Campus community members remember and take action against gender-based violence By Bernice Ma University Relations December 6 marks the National Day of Remembrance and Action on Violence Against Women in Canada. Thirty-four years ago, 14 female engineering students were murdered at École Polytechnique de Montréal (now Polytechnique Montréal) in an act of gender-based violence, a manifestation of historical unequal power that creates barriers to limit the advancement of women and gender-diverse people.
Each year, the University of Waterloo hosts a ceremony of remembrance to reflect and respond to this horrific event. Dr. Mary Wells, dean, Faculty of Engineering began the ceremony by first acknowledging the enduring presence and deep traditional knowledge, laws and philosophies of Indigenous Peoples. "As engineers and architects, we are committed to meaningful action towards truth and reconciliation. It is only through this process that we can work towards a better future for generations to come," Wells said who also discussed the importance of this day, and of integrating the voices of women in the field of engineering, in the Toronto Star.
Mary Robinson, associate dean, outreach, equity and diversity, who was 11 years old when the Montreal massacre occurred, recounted the violent act in 1989. "This attack is a graphic example of the violence that was perpetuated against women based on their gender that day, in engineering, in Canada. But gender-based violence has many forms, many that don’t result in the making of a movie like Polytechnique or a Day of Remembrance, and it still persists today."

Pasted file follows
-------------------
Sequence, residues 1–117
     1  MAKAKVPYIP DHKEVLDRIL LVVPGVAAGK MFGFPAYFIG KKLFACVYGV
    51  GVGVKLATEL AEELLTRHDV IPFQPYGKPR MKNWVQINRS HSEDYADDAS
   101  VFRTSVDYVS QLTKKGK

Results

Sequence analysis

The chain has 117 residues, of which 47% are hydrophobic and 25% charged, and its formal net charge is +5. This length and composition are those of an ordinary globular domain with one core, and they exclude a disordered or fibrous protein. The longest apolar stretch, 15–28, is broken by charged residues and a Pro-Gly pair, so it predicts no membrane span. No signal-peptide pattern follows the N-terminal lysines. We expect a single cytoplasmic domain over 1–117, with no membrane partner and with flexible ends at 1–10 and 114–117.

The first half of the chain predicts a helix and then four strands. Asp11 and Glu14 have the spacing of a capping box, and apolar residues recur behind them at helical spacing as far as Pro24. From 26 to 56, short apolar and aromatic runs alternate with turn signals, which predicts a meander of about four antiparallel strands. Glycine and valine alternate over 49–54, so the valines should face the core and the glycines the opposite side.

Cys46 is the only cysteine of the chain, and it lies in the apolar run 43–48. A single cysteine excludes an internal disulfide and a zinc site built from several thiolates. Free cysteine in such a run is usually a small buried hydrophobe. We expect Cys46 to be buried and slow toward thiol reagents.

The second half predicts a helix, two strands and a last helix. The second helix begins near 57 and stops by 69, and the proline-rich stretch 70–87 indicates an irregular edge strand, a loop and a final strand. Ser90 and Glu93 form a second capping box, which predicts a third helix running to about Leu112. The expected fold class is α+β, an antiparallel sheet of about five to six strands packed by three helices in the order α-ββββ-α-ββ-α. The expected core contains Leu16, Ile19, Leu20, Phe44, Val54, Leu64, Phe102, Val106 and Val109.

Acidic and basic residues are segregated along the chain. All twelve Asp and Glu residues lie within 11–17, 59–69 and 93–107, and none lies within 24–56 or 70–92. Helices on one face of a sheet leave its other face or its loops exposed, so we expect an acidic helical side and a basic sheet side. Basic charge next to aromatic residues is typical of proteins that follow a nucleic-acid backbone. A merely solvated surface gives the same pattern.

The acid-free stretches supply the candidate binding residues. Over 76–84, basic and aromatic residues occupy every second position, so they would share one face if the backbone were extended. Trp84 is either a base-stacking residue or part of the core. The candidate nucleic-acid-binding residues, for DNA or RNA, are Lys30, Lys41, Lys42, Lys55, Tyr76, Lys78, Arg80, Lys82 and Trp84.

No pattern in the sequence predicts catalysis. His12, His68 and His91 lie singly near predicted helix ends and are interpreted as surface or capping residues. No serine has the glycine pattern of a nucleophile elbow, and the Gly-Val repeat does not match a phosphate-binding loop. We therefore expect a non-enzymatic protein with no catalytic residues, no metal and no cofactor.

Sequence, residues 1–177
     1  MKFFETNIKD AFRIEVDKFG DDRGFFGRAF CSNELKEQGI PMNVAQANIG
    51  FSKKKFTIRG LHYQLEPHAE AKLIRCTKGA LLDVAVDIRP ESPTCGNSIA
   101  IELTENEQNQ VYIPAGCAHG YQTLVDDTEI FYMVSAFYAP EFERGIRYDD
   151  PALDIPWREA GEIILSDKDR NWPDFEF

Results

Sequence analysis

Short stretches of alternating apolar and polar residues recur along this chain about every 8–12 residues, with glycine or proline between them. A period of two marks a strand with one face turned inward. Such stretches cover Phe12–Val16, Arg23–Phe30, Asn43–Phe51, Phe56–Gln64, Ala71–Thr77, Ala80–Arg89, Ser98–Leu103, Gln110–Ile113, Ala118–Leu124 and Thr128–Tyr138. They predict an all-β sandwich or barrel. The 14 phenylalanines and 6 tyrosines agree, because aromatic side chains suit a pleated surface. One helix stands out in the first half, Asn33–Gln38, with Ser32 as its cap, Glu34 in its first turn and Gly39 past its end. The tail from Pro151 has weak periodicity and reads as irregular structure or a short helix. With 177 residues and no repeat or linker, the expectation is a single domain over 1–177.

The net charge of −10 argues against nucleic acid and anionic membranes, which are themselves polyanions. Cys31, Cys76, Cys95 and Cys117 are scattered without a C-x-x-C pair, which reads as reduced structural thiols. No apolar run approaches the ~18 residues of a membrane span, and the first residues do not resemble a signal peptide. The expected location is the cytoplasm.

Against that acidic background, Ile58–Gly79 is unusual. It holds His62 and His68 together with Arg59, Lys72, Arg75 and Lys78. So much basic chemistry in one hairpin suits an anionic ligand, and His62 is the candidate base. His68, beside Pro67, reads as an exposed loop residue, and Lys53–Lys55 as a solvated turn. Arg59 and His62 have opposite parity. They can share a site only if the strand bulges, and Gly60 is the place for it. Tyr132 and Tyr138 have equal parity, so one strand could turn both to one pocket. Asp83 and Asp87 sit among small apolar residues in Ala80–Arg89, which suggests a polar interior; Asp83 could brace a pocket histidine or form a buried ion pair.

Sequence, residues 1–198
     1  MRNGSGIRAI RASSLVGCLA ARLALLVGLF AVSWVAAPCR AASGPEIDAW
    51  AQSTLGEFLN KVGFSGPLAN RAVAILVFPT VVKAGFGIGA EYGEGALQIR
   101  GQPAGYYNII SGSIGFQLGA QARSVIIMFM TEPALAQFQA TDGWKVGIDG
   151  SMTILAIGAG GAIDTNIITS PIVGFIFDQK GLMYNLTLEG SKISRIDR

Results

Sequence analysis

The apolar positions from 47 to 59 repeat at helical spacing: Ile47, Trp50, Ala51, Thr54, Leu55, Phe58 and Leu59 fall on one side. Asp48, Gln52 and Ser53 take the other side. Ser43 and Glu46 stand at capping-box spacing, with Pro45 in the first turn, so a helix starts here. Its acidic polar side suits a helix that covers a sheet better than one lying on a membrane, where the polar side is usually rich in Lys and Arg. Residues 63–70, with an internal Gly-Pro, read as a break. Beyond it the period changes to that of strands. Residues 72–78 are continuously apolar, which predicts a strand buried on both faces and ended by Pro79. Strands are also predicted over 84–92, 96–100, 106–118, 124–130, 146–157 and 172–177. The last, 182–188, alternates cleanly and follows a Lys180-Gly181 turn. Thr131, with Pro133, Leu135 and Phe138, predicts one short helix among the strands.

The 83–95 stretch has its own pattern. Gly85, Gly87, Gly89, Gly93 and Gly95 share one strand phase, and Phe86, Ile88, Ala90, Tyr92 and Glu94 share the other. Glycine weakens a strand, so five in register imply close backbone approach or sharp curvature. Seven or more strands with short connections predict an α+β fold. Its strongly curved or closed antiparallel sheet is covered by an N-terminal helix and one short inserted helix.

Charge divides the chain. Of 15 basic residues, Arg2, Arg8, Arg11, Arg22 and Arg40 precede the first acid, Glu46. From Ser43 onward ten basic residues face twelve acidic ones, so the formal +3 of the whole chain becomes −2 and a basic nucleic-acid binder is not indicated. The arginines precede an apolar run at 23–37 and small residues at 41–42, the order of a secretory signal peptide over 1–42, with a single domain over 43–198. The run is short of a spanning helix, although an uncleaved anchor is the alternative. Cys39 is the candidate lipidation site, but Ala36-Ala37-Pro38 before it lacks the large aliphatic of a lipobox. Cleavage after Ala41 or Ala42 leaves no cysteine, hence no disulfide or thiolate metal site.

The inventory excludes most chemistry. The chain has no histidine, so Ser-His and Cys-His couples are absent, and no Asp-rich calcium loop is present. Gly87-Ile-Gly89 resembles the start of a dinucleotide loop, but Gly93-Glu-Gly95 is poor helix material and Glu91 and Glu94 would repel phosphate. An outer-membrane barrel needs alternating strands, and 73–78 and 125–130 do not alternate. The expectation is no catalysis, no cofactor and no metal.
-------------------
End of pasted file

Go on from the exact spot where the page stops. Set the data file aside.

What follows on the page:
Current master’s student and president of the Women in Engineering Undergraduate Student Committee, Andrea Chakma (BASc ’23) reflected on this day and the experiences she has as a woman in engineering. "Comments about our lack of intelligence or the way we work, assumptions that we aren’t interested in hands-on work; we’re frequently getting paid to do the "female" jobs, such as taking meeting minutes. Running a potluck, dealing with sexist jokes and facing unwelcome advances are all things that we still see in this day and age, whether it’s in the classroom or in the workplace."
Chakma, who is also the Director Chair of the National Youth Council with Girl Guides of Canada, now works to empower girls and encourage young women to break down stereotypes by standing up to these behaviours, challenging social norms and educating others to end gender inequality.
Dr. Mark Hancock, chair of Management Science and Engineering also shared his journey towards action and began by acknowledging his privilege as a white, cisgendered, able-bodied, non-Indigenous person. "Change can only happen if people with privilege are part of the solution. Too often the work to fix problems, like sexism, is placed on those who are underprivileged, underprivileged, underrepresented, and in some cases, even suffering," Hancock said. He stressed the importance of understanding that acts of violence against women are systemic and that men in engineering still have a lot of work to do. "A world where we work to fix these problems together, is actually a better world for all its inhabitants."
Waterloo engineering students then came forward in honour of the 14 women to light a candle for each victim, followed by a moment of silence. This year, an additional 15 student was added to recognize the impact that this event had, and continues to have on our community.
Waterloo campus community members are encouraged to reflect on their role in preventing violence. That could include having conversations about the realities of gender-based violence or getting involved in on-campus groups, communities of practice, or non-governmental organizations. It’s important to normalize the ongoing conversation about gender-based violence and address structural violence at the University of Waterloo and beyond our campus.